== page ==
The Digital Connected Care article series elevates the conversation from tech talk to the practical application of remote patient monitoring in clinician designed workflows with evidence of improved outcomes without increasing staff burden.
As the two-year anniversary of the earliest detection of the coronavirus approaches, COVID-19 continues to overwhelm health systems and disrupt life where vaccinations remain low. Digitally connecting with patients outside the care setting, employing remote patient monitoring (RPM) offers a method to help manage surges by allowing 24/7 monitoring of patients at home to determine if/when their condition warrants admission to a hospital.
These same mechanisms can be applied to managing acute and chronic diseases outside the clinical setting., However, the evolution from visionary technology to demonstrated improved outcomes remains elusive. The opportunity is now to incorporate RPM or more specifically, patient-generated health data (PGHD), into clinician-designed workflows and devices that meet the needs of the patient and the care team. Patient-generated health data refers to clinical information actively generated by the patient, such as surveys, questionnaires and biometrics (for example, home blood pressure readings).
The U.S. Department of Health and Human Services recently published a report that concluded, in part, that the promise of PGHD is tempered by lack of standards, data integration, evidence of use, burden of tracking, suitability of use and unknown accuracy of data. While there is a significant and growing interest in the practical application of PGHD into the clinical workflow, the report cited a low number of such applications primarily due to lack of workflows designed specifically for PGHD with which to demonstrate value.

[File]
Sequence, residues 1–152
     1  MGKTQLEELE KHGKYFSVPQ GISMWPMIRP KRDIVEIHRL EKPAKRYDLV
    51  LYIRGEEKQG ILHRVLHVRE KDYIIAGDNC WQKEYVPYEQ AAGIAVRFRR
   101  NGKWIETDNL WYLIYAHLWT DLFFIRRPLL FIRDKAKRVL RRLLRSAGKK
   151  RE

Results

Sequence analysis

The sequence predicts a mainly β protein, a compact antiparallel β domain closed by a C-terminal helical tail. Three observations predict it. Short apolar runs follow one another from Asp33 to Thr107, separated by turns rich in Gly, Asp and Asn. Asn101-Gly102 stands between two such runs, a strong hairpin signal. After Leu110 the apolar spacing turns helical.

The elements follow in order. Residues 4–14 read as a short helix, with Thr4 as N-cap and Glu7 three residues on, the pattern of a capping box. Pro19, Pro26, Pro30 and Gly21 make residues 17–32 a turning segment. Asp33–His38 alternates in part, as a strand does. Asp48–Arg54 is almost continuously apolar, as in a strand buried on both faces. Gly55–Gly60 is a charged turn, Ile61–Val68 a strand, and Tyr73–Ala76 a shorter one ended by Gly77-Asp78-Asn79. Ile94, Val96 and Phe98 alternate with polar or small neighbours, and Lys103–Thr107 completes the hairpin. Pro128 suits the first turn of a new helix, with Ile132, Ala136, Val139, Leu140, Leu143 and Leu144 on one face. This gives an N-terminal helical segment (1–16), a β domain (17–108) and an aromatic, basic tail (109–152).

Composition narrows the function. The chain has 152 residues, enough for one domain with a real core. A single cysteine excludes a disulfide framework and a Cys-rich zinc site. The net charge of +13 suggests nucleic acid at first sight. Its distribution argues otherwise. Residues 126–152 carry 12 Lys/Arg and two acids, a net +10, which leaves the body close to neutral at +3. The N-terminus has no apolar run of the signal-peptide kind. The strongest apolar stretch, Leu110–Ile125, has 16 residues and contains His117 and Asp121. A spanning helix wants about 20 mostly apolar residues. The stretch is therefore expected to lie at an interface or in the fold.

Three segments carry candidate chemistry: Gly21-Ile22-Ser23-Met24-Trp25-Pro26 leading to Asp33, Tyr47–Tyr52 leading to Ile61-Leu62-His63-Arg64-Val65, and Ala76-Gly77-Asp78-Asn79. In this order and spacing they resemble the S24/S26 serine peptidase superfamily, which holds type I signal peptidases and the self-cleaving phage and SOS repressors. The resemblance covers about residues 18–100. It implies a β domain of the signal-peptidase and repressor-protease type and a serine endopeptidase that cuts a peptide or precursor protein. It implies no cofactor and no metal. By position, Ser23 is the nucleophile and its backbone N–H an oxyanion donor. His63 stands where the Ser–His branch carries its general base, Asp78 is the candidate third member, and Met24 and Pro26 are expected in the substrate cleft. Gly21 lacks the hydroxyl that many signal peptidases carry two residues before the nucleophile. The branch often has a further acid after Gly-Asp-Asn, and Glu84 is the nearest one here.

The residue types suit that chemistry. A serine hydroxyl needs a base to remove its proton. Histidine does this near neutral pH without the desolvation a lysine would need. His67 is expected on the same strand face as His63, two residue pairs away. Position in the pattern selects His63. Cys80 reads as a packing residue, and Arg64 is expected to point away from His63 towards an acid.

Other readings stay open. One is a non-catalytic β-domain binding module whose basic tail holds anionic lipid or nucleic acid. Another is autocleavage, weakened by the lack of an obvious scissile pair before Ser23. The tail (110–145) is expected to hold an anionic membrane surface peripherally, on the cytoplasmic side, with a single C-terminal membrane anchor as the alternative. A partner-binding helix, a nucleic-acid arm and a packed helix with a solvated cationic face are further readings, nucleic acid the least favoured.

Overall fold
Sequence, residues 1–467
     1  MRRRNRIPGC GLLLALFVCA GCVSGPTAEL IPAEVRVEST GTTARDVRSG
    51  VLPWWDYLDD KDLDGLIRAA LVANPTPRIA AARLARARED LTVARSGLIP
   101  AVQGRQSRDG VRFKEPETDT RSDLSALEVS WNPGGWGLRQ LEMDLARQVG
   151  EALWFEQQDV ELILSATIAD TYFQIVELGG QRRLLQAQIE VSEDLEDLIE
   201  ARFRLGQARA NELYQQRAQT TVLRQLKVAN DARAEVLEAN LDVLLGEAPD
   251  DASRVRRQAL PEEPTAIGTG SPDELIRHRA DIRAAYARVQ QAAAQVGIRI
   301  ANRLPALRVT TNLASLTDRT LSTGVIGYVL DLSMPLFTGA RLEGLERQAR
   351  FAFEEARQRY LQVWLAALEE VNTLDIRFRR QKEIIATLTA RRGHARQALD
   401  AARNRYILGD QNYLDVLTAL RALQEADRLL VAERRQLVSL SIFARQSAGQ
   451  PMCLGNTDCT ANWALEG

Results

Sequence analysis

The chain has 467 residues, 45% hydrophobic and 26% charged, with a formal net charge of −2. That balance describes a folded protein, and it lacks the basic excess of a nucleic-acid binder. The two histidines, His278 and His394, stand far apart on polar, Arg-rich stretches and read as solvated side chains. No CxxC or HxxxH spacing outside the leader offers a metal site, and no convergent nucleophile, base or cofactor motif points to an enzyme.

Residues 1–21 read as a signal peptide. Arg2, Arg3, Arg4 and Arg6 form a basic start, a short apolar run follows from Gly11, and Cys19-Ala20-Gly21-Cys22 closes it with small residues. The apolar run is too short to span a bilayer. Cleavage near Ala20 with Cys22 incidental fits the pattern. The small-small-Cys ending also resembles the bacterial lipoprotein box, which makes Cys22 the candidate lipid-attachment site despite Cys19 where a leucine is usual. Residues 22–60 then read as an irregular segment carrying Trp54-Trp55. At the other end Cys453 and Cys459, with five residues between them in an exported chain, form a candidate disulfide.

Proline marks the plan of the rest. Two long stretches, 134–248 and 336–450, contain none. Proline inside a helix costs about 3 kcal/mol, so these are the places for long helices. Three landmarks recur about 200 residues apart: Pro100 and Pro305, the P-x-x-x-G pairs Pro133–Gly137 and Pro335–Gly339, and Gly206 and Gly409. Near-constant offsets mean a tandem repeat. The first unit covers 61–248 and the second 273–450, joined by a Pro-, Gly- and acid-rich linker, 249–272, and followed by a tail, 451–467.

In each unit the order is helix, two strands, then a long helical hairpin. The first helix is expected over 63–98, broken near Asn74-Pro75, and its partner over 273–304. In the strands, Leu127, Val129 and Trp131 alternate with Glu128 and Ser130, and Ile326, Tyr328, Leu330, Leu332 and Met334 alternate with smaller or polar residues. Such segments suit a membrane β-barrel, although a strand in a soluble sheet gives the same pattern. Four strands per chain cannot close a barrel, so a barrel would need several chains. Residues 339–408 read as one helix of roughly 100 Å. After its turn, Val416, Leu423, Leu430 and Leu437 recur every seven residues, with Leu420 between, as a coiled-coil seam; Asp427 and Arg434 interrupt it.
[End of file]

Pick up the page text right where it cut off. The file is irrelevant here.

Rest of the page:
Accelerate Health, the innovation hub of HIMSS, is working with a community of healthcare providers and system integrators to define care models and specific workflows to demonstrate how the proper integration of PGHD can meet the needs of the patient and care team and drive mainstream adoption of RPM. At the foundation of these solutions is low-friction access to patient data through the implementation of open standards-based software. This provides one open API, thus allowing any compliant sensor to securely and automatically connect to any compliant gateway and clinical health record system on a global scale.
Look for these future articles that highlight opportunities and efforts to deliver on the promise of RPM:
You are invited to help drive mainstream adoption of remote patient monitoring. HIMSS and its partners within the PCHAlliance aim to advance personal connected health through technological and business strategies.